Christmas and New Year came and went. And as always, we were busy meeting friends, exchanging gifts and wishing everyone happy holidays.

I realized we are blessed to have so many friends. Year after year their friendship feels more and more important.

I really thought about the friends we have and came to a surprising conclusion. If I met many of them today, I might not even try actively to be their friends. I would be friendly, yes, but I probably would not try to become real friends with them. During the holidays I noticed how very different we are, how some friends actually had rather annoying characteristics. And yet those characteristics did not seem to bother me.

Why was that? Why did these annoying characteristics press my buttons when I noticed them in other people - but not so when I saw them in our friends?

I realized this would be a good subject for a newsletter, but let me tell you it wasn't easy to figure out how to write about it! I made many drafts, but didn't quite grasp the right words.

I began by reaching for the memories of how our friends had entered our life in the first place.

My oldest friend I met when I was only six years old - we had been living in the same block of flats for months but I had not seen her before. One winter morning we went skating and as it happened we fell on the ice at the same time - on the same spot. Those giggles started a friendship that has lasted for decades - my husband and I are the godparents of both her daughters now. It is such a joy to have a friend who understands you from half a sentence.

Another friend I met when he was engaged to someone I knew at the university. The engagement broke long time ago, he met someone else and is now married - and we are the godparents of his younger son. And friends of the whole family of course.

Other good friends are our ex-neighbours. They just "happened" to live next door. (The " " is because I don't think there is such a thing as a coincidence…)

One good friend was working in the same department with me in the past. And we have been corresponding and meeting for lunch ever since.

So what was common in all of these friends? Why are their "annoying" characteristics ok?

Finally I came to the conclusion that it had to do with me actively not trying to become friends with them. They were all people who had just appeared in my life. Moved next to us. Worked for the same employer. Were connected to someone whom I knew. I met them often, accepted that they were a part of my life, and did not think much of it.

In other words: I accepted them as they were. I was not interested in changing them. I guess that wanting to change others is something we all do at times - demand that other people behave in a way that makes us happy, when in fact we should concentrate in finding happiness within ourselves. Not to easiest thing to do, I admit. But trying to control others just leads to unhappiness for the simple reason it cannot be done. An eternal source of stress, trying to make other behave the way you want…

But with these people I just let them be who they were. And how do you behave towards someone who accepts you as you are? Well - you are friendly towards them. You like being liked. And with time this may deepen into true friendship.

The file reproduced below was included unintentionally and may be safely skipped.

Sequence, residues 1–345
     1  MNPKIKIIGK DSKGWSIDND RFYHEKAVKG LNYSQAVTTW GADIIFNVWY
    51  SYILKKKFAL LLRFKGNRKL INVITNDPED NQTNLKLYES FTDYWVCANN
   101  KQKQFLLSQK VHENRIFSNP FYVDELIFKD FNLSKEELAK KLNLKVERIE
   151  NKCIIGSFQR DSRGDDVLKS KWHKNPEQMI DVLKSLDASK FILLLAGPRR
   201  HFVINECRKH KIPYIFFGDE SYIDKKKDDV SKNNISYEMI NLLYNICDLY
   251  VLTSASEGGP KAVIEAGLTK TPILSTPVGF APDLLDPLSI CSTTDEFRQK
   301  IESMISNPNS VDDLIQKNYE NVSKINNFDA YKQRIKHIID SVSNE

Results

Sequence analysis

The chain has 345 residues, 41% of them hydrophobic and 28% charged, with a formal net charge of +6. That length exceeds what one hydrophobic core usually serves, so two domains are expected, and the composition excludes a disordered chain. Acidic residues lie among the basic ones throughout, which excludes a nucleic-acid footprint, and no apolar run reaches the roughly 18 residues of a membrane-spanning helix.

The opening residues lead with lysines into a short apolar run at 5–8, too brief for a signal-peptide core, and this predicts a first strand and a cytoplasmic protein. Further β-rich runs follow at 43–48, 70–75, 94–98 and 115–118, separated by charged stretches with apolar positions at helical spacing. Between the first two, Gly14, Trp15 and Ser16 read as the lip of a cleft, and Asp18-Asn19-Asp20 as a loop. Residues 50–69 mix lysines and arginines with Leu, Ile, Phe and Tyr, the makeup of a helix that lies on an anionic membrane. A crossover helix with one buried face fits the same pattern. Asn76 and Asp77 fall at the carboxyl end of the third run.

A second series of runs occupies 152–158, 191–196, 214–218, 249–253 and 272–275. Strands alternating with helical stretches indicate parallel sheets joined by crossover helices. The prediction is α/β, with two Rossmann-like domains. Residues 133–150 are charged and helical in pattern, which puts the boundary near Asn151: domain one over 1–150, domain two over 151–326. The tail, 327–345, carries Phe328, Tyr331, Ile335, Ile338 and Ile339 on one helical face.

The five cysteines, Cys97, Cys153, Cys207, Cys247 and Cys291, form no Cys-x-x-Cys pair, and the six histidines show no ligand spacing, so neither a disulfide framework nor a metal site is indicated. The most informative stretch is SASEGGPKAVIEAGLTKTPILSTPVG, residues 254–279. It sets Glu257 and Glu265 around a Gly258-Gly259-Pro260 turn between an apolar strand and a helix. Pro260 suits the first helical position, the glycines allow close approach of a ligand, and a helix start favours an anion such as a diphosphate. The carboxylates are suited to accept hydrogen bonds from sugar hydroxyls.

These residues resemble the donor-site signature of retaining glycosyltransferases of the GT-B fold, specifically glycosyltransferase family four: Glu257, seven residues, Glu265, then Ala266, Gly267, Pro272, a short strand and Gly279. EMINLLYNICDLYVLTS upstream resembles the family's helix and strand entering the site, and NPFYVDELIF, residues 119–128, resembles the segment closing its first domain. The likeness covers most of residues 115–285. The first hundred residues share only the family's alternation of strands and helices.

This had happened to us. Not judging others has been rewarded thousand fold. Instead of having annoying people in our lives, we now had a long list of wonderful friends.

So if it is enough to gain wonderful friends simply by stopping to judge people, don't you think that would be worth trying? I'm not saying everyone will be your friend - some may even behave negatively towards you, but if you don't judge them for that, it doesn't bother you much. Live and let live, as the saying goes.

Or in the words of William Butler Yeats:

"There are no strangers here - only friends you haven't yet met."

And if you feel judgement rising its head, just say to yourself: "I don't need to have an opinion about this". Magical words, if you try them… Just try it for one day. Every time you feel like judging someone, stop and say: "I don't need to have an opinion about this". I bet you feel a sense of relief. (Do you? I'd love to hear your experiences about this. Write to me about your experiences with this method - I'd love to add your stories to my website and will attribute anything I use to you, if that is OK with you.)

And also remember that what ever is "annoying" in another person doesn't really tell a thing about them. But it speaks volumes about you. The things that are annoying in other people are the very things you have problems with within yourself. You could say other people are mirrors that tell you where your own areas of development are. Quite a gift from them, don't you think?

So lets give each other some space, drop the need to judge others behaviour and let them live their lives as they choose. Makes it a lot easier for us to do the same - and as a special bonus, you may find friends in the most unexpected places!

I wish you the best New Year - may it be filled with friendship!

Leena :)

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Leena Pekkalainen is a writer who specializes in inspirational short stories that uplift the reader. You will find her stories and positive attitude tips at

This article about Lucia was first published in Inspirational Short Stories newsletter.

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